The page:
The accusations made by arXiv that my colleagues and I have plagiarized the works of others, reported in your news story ‘Turkish physicists face accusations of plagiarism‘ (Nature 449, 8) are upsetting and unfair.

It’s inappropriate to single out my colleagues and myself on this issue. For those of us whose mother tongue is not English, using beautiful sentences from other studies on the same subject in our introductions is not unusual. I imagine that if all articles from specialist fields of research were checked, similarities with other texts and papers would easily be found. In my case, I aimed to cite all the references from which I had sourced information, although I may have missed some of them.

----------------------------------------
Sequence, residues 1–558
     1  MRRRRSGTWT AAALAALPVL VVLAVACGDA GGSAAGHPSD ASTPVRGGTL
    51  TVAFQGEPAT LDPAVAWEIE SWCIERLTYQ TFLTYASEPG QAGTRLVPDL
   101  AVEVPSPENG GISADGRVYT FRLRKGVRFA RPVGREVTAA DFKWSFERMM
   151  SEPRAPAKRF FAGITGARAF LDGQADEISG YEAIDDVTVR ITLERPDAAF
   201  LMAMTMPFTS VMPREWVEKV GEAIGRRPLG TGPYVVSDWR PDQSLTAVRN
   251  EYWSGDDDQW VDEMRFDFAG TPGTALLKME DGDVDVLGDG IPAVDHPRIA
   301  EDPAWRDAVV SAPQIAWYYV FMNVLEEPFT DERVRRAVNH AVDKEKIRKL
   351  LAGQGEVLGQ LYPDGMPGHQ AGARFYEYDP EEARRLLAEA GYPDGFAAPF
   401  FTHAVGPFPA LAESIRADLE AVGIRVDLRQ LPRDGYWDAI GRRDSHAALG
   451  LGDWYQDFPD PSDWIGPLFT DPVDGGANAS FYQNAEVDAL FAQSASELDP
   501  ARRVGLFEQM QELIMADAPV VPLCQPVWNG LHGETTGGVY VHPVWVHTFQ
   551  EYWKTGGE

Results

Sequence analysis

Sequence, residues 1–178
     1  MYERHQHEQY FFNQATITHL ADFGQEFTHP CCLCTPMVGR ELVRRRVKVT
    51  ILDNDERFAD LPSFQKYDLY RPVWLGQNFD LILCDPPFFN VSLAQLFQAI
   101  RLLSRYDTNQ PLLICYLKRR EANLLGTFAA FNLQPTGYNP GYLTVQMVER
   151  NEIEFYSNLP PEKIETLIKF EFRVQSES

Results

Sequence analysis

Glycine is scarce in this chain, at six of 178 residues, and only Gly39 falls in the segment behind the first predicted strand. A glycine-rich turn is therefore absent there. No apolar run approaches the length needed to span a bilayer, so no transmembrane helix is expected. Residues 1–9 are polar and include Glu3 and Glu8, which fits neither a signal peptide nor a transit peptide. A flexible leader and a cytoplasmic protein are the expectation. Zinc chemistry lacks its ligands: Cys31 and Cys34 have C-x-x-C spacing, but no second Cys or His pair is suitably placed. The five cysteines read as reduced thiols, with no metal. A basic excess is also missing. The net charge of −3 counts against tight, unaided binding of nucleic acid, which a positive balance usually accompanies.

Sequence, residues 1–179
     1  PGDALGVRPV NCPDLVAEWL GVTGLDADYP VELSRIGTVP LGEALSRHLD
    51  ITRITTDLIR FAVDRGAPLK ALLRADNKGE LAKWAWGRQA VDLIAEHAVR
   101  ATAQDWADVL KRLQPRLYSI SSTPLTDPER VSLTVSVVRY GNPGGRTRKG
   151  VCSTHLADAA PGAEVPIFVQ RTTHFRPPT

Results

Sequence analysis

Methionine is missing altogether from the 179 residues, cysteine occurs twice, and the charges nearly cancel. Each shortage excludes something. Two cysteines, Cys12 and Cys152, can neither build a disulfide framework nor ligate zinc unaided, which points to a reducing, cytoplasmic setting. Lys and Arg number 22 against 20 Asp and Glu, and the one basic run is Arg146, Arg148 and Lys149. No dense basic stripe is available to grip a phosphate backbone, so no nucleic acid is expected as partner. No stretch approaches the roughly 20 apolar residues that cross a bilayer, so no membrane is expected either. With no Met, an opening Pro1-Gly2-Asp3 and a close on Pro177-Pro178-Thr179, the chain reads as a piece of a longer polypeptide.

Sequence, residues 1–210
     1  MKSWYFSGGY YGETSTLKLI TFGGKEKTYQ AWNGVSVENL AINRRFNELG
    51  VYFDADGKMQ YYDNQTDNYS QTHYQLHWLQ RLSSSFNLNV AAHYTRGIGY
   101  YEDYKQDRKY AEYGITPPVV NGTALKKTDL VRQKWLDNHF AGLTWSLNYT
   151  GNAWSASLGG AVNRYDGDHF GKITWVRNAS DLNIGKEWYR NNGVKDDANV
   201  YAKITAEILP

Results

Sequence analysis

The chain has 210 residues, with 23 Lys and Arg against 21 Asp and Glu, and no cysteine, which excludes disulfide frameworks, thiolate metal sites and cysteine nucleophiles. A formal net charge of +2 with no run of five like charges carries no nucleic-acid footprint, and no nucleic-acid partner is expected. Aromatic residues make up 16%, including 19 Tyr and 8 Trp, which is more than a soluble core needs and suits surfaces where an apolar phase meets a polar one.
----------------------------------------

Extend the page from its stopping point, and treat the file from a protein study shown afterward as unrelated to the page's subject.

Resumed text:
Borrowing sentences in the part of a paper that simply helps to better introduce the problem should not be seen as plagiarism. Even if our introductions are not entirely original, our results are — and these are the most important part of any scientific paper.

In the current climate of ‘publish or perish’, we are under pressure to publish our findings along with an introduction that reads well enough for the paper to be published and read, so that our research will be noticed and inspire further work.

And it’s not just the academic community that is wrestling with the language problem. The ubiquitous use of English in the global economy raises many new issues as well, as shown by this Wall Street Journal article.